When Oregon played Western Oregon in an exhibition game last week, point guard Payton Pritchard couldn’t be found on the court. Instead, he was at the end of Oregon’s bench, wearing street clothes with a grim and straight look on his face.
He watched his teammates defeat the Wolves but do so in less-than impressive fashion. Too often were the Ducks careless with the ball, turning it over in moments of insecurity. The offense never got into a rhythm, settling for too many contested jumpers and one-on-one opportunities.
Pritchard was out after sustaining an injury during practice earlier in the week. He caught an elbow to the midsection that left his ribs bruised, causing him to miss out on the first action the Ducks would have against another opponent.
When No. 14 Oregon officially kicked off its season against Portland State on Tuesday night, Pritchard wasn’t found on the bench. Instead, the junior was on the court, directing, leading and willing the Ducks to an 84-57 victory in their season opener.
“I definitely got to be aggressive, kind of like tonight,” Pritchard said. “When I’m aggressive, we get easy looks.”
He finished with a game-high 22 points on 6-of-7 shooting (1-of-1 from beyond the arc). Although he finished with five turnovers, his ability to control the pace against a Portland State squad dedicated on controlling tempo was the difference-maker. Pritchard finished 9-of-9 from the free throw line, consistently breaking the Vikings press and attacking the rim.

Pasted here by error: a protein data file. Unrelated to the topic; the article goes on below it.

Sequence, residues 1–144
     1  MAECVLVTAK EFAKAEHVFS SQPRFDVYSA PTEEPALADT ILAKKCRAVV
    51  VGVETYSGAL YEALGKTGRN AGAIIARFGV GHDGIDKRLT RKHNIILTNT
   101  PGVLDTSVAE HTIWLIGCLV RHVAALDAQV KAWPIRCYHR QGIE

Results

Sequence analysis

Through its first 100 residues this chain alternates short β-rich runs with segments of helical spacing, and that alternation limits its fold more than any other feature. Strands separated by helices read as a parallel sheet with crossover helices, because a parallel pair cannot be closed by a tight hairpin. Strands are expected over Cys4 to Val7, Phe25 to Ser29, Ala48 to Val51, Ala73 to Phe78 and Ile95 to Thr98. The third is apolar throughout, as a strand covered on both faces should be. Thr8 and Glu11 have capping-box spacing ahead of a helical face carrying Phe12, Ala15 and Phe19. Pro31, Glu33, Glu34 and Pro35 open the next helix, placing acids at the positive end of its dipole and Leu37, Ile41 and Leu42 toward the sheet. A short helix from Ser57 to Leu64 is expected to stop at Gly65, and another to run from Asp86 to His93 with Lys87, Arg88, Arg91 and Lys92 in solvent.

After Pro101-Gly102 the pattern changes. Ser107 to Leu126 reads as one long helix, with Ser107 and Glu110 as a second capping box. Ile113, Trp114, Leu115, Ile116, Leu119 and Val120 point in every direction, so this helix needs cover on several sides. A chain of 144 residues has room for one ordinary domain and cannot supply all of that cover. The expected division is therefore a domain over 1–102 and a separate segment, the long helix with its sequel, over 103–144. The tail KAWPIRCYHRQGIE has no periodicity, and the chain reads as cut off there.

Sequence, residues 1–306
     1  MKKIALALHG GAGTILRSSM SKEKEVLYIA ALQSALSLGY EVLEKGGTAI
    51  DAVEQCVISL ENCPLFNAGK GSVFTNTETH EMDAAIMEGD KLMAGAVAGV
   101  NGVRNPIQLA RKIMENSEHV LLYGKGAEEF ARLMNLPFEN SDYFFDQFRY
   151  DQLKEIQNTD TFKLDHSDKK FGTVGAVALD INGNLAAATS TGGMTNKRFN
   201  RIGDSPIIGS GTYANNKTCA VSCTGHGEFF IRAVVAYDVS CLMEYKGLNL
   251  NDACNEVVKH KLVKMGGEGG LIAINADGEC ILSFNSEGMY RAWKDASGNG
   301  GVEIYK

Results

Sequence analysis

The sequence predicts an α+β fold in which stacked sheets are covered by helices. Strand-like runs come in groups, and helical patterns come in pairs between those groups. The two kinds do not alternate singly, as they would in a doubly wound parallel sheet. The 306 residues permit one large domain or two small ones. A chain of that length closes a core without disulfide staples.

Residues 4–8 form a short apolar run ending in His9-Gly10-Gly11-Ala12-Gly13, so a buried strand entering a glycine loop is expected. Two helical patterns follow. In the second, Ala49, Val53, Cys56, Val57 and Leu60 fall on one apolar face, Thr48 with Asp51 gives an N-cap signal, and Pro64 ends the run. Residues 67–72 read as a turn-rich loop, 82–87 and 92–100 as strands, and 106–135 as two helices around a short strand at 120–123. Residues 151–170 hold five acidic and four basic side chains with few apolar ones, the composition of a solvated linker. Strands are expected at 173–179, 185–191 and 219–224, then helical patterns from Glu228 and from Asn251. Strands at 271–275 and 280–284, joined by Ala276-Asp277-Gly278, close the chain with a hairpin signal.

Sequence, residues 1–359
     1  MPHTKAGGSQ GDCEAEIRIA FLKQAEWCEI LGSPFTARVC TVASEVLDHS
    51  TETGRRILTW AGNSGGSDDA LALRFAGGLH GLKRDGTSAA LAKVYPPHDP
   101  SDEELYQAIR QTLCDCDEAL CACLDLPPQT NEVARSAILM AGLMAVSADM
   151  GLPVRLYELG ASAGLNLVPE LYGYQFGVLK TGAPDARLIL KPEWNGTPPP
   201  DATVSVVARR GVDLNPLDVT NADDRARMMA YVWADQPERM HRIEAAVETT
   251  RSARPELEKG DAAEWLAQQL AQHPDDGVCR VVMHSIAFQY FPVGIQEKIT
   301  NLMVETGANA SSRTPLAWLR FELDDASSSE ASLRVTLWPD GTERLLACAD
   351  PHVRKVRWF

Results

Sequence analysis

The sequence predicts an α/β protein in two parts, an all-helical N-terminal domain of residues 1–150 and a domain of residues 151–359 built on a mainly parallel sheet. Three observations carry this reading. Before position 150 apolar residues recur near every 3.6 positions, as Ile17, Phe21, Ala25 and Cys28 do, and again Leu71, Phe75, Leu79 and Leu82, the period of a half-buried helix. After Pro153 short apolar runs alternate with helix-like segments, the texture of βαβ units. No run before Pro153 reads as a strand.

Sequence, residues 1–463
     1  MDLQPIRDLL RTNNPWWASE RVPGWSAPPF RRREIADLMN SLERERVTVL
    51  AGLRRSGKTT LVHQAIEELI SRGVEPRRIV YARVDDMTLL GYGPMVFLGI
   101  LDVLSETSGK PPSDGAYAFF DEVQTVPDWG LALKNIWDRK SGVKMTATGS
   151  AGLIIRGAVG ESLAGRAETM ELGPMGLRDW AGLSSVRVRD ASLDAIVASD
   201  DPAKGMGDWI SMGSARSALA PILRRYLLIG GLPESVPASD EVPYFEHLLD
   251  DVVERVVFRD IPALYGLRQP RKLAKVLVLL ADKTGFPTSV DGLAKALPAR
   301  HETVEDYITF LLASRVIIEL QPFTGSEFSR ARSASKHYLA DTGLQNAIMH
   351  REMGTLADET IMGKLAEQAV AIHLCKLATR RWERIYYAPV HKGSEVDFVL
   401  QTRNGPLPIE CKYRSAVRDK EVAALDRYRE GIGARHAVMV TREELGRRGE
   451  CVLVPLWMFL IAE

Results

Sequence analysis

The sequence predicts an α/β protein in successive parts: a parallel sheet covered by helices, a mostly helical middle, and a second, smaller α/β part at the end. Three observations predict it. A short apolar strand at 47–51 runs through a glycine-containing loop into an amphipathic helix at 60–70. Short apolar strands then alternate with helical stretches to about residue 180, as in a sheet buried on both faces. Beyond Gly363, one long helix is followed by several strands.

"I got to be aggressive because when I'm aggressive other people get easy looks and I get to the rim, I get to the free throw line," Pritchard said.
His leadership was evident in the second half when Portland State started to make a little run, cutting the deficit to 11.
Following a Vikings score, Pritchard brought the ball up and stopped just past half court and took a deep breath before engineering the offense. When freshman Francis Okoro wasn’t in the right place, the usually soft-spoken Pritchard had no issue calling out Okoro, telling and pushing him where to go. With Okoro in the right place, Oregon was able to get a bucket that ignited a 12-0 run and out the game away.
“I just got to be a leader and show them the way,” Pritchard said. “A lot of the guys don’t know what it’s like to play in the Pac and play on the road.”
Five-star freshmen Bol Bol and Louis King get all the headlines for the Ducks, two players who are potential lottery picks in the upcoming NBA draft. Regardless of how talented they are, Pritchard is the catalyst and the most important player on the team — the player who will take the Ducks as far as possible.